Army Documents Show Lower Recruiting Standards In recent years, the number of Army enlistees with medical and criminal problems has increased, causing concern among military officials. The Army's acceptance of these recruits is tied to waning interest in military service.

Army Documents Show Lower Recruiting Standards

Army Documents Show Lower Recruiting Standards

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The Army is meeting its recruiting goals partly by accepting more enlistees who lack high school diplomas, who have low scores on the military's aptitude test or receive waivers for criminal and medical problems.

Army documents obtained by NPR link the lowered standards to a drop since November 2001 in the number of men interested in joining up.

"They are trying to grow the Army during wartime, during an unpopular war, so some of the best recruits are deciding not to come into the Army," NPR's Tom Bowman tells Steve Inskeep.

Back in the early 1990s almost 100 percent of Army enlistees had a high school diploma. But the Army documents show the percentage has dropped to 79 percent in recent years.

"That's a real problem because a high school diploma, recruiters see that as an indicator of success … of completing training and actually becoming a better soldier," Bowman says. "That's something they've watched for years and they're really concerned about it."

The documents also show that waivers for serious misdemeanors increased from 3,002 in 2005 to 8,259 in 2007. The most serious criminal misconduct charges include burglary, narcotics/drug charges, aggravated assault, larceny, and breaking and entering.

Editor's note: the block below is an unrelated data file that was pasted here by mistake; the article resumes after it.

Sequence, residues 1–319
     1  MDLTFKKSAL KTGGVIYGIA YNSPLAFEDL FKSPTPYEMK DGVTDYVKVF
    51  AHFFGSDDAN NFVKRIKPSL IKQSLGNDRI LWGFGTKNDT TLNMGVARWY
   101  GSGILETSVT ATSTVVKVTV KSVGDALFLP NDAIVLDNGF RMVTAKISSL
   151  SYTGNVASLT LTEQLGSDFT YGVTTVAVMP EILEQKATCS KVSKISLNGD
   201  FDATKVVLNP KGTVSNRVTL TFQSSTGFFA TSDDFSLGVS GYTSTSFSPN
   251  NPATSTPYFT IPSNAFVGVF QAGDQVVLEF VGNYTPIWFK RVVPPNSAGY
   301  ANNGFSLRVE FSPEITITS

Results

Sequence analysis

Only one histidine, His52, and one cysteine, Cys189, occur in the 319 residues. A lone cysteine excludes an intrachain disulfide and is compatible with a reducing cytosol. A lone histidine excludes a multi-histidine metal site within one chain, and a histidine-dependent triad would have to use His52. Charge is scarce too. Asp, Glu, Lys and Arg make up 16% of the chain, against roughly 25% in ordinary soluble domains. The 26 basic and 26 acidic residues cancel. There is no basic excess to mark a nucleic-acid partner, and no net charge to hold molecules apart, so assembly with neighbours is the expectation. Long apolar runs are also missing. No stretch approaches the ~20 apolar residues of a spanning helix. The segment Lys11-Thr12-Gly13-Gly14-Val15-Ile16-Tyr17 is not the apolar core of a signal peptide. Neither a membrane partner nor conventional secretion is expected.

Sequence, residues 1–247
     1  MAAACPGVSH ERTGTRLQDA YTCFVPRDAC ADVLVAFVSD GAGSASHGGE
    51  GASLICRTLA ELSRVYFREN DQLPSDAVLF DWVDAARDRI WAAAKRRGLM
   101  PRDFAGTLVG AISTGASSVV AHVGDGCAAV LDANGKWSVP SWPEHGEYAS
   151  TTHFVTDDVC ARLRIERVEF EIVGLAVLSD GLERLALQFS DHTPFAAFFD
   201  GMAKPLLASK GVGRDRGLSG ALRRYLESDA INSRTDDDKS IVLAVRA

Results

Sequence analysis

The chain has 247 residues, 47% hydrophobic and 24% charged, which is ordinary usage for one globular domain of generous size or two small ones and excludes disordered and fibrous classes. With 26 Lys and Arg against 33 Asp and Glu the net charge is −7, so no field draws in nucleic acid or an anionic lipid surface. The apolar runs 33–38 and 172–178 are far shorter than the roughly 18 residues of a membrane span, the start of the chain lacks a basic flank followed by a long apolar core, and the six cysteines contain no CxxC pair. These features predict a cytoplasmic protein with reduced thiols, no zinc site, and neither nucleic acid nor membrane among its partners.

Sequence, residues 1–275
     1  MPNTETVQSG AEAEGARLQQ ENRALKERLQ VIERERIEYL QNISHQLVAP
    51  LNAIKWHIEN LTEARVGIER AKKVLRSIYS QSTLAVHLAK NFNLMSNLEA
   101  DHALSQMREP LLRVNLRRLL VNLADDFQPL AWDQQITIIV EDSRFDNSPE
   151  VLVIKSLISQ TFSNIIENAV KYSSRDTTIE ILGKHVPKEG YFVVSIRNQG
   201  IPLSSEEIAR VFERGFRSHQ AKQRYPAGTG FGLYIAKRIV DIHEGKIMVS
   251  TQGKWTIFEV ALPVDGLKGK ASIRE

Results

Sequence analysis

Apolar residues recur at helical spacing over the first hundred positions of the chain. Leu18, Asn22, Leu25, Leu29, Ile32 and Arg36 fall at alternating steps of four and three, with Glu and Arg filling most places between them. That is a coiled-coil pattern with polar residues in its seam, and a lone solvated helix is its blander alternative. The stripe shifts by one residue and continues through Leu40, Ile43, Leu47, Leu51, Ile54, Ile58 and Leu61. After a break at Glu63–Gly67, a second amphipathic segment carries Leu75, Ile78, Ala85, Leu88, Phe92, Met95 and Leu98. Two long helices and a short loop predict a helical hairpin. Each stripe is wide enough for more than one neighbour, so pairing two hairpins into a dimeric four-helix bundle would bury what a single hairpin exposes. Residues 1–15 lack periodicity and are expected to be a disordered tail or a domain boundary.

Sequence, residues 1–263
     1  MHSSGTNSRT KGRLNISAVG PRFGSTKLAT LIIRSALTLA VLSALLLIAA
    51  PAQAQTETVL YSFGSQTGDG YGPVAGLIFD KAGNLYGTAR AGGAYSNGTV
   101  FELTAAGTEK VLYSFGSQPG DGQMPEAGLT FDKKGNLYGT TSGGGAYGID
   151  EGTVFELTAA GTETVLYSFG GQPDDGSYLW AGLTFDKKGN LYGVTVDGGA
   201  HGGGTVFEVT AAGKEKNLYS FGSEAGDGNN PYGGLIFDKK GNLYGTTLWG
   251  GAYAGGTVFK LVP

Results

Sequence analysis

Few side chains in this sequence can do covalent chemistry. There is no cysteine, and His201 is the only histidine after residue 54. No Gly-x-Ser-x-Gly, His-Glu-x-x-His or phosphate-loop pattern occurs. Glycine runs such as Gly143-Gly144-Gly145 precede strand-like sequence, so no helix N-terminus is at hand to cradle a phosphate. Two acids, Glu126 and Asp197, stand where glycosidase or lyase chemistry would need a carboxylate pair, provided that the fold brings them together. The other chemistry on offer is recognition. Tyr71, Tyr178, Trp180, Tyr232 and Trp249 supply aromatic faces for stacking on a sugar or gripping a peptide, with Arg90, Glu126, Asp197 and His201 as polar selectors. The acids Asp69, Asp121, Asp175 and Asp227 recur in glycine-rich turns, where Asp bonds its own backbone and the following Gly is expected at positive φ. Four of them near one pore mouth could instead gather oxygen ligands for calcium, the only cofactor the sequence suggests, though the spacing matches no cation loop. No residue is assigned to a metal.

The number of medical waivers granted also increased, climbing from 4,348 in 2005 to 5,985 in 2007. The medical conditions that most often resulted in waivers were high blood pressure and eye refraction.

An Army analysis of this "waiver pool," shows that these soldiers tended to have better performance in basic training, re-enlist at a higher rate, are promoted to the rank of sergeant more quickly and receive more medals for valor than those without waivers.

But the analysis also shows that waiver recruits are more likely than non-waiver recruits to be drummed out of the Army due to misconduct, desertion and failure to complete alcohol rehabilitation.

"It's sort of a double-edged sword, and clearly the Army is going to have to sort of calibrate how they bring these waiver folks in to make sure that they get those who are successful … as opposed to those who become deserters," Bowman says.